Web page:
by @Gun_Carry

Earlier today I had the extreme pleasure of receiving a call from Eric Mutchler the Production Manager for Solid Concepts’ Firearms Department.  You may not have heard of these names but I bet you heard the recent news of a history making functional 3D printing firearm.  Solid Concepts is the company that made that dream a reality.

I think we’ve all been exposed to the idea of 3D printing at some point or another.  If you watch television you may have seen the guys at Red Jacket Firearms use a 3D printer to make a plastic P90 shell to fit around a 10/22 action to make a “zombie gun” on Sons of Guns.  Maybe you watch the night time soaps and saw the doctors on Grey’s Anatomy printing plastic veins.  Maybe you watch the news and have seen the push to stop “undetectable gun parts” in a bill attempting to instill fear of the unknown future of 3D printing with the thinly veiled intent to further erode the 2nd Amendment.   Regardless, all of the above were printing plastic.  Well, this isn’t your mom’s 3D printing!

Solid Concepts, Inc. printed an entire, functional, 1911 with steel!  From computer CAD blueprints to every single part of a 5 inch mil spec series 70 1911 in 20 hours.  I am astounded.  After all the parts are printed everything is hand fitted, leading to a nice tight new 45 ACP that’s ready to hit the range.  Eric says the gun was a novelty.  He wanted to do it just to prove that he could.  So after hand fitting, he got his proof of concept buy throwing it in a vise and firing a couple rounds.  When it worked, they picked it up and started shooting.

We’ve seen what happens when a gun part is milled in a cnc machine, a block of some metal goes in and a bit shaves away the excess until you have what you’re looking for.  I asked how 3D printing steel was different.  Eric told me to imagine the shavings left on the ground by the cnc and reduce them to the smallest dust I can think of.  That’s where it starts, with steel dust.  The printer reads the blueprint and lays down lines of dust in a layer thinner than a human hair, perfectly centered on the required areas.  Then the machine follows up with a second layer and a laser “welds” it to the first.  From there they “grow” the part they need as one solid piece of steel.  They’ve literally built an icon from dust!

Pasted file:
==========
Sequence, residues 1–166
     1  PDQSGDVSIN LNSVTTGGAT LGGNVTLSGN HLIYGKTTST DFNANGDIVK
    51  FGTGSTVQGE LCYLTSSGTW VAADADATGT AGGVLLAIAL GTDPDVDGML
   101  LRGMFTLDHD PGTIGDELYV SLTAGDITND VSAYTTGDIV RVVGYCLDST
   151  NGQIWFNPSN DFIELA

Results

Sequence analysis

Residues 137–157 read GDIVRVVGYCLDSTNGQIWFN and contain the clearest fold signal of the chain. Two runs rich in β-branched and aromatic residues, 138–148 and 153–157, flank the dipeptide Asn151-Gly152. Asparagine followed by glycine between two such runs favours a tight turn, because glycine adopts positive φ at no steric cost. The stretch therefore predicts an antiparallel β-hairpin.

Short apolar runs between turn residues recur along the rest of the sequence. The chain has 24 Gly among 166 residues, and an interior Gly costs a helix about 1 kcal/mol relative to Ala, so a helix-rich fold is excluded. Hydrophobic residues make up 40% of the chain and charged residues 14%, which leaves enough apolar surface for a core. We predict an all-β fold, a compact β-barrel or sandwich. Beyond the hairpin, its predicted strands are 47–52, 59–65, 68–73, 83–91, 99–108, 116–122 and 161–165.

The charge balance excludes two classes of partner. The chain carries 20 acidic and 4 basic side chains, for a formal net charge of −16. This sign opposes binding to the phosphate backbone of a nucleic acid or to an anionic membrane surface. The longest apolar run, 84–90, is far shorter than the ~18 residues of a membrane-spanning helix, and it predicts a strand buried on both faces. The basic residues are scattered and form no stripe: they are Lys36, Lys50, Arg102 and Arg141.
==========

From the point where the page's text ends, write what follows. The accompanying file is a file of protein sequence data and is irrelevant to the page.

This brought questions to mind about safety.  How could they know a printed barrel would stand up the pressures of a discharged round.  The answer; they didn’t, not really.  In theory they knew it would be fine but in practice they wanted to test the gun to be sure it was safe.  I asked how the printed barrel compared to a traditional turned barrel when it came to pressure testing.  I was told they haven’t come up with a way to truly test pressure tolerances on the printed barrel yet.  However, this tech is currently used to make fuel injectors for airplanes.  If it can handle those pressures a 45 ACP round should be no problem.  Even still Eric is considering blocking a barrel and forcing a failure just to study it and learn more about the safety of such a product.  Regardless, he is sure it can take anything a normal 1911 45 can and keep right on rocking.

I asked about what this all meant for the future of the business and firearms in general.  The thoughts are that costs will come down as the tech expands and usage becomes more common.  There are ideas of expanding to titanium 3D printing in the near future and there will certainly be more firearms offered up down the road by Solid Concepts.

Lastly, I asked for a non tech guy give me an example of what can be done with your 3D printing that can’t be done with contemporary methods?  Eric laughed and told me I could quote him or bleep him.  He said in one of the barrels inside one of the grooves of the rifling he wrote “I was 3D printed, Bitch!” just because he could.  Sounds like he was channeling Jessy Pinkman, but try that with any other method.  I must say it’s astonishing, the sky is the limit. We have seen the future and it is a century old gun made from dust.

See more at the Solid Concepts Blog page.


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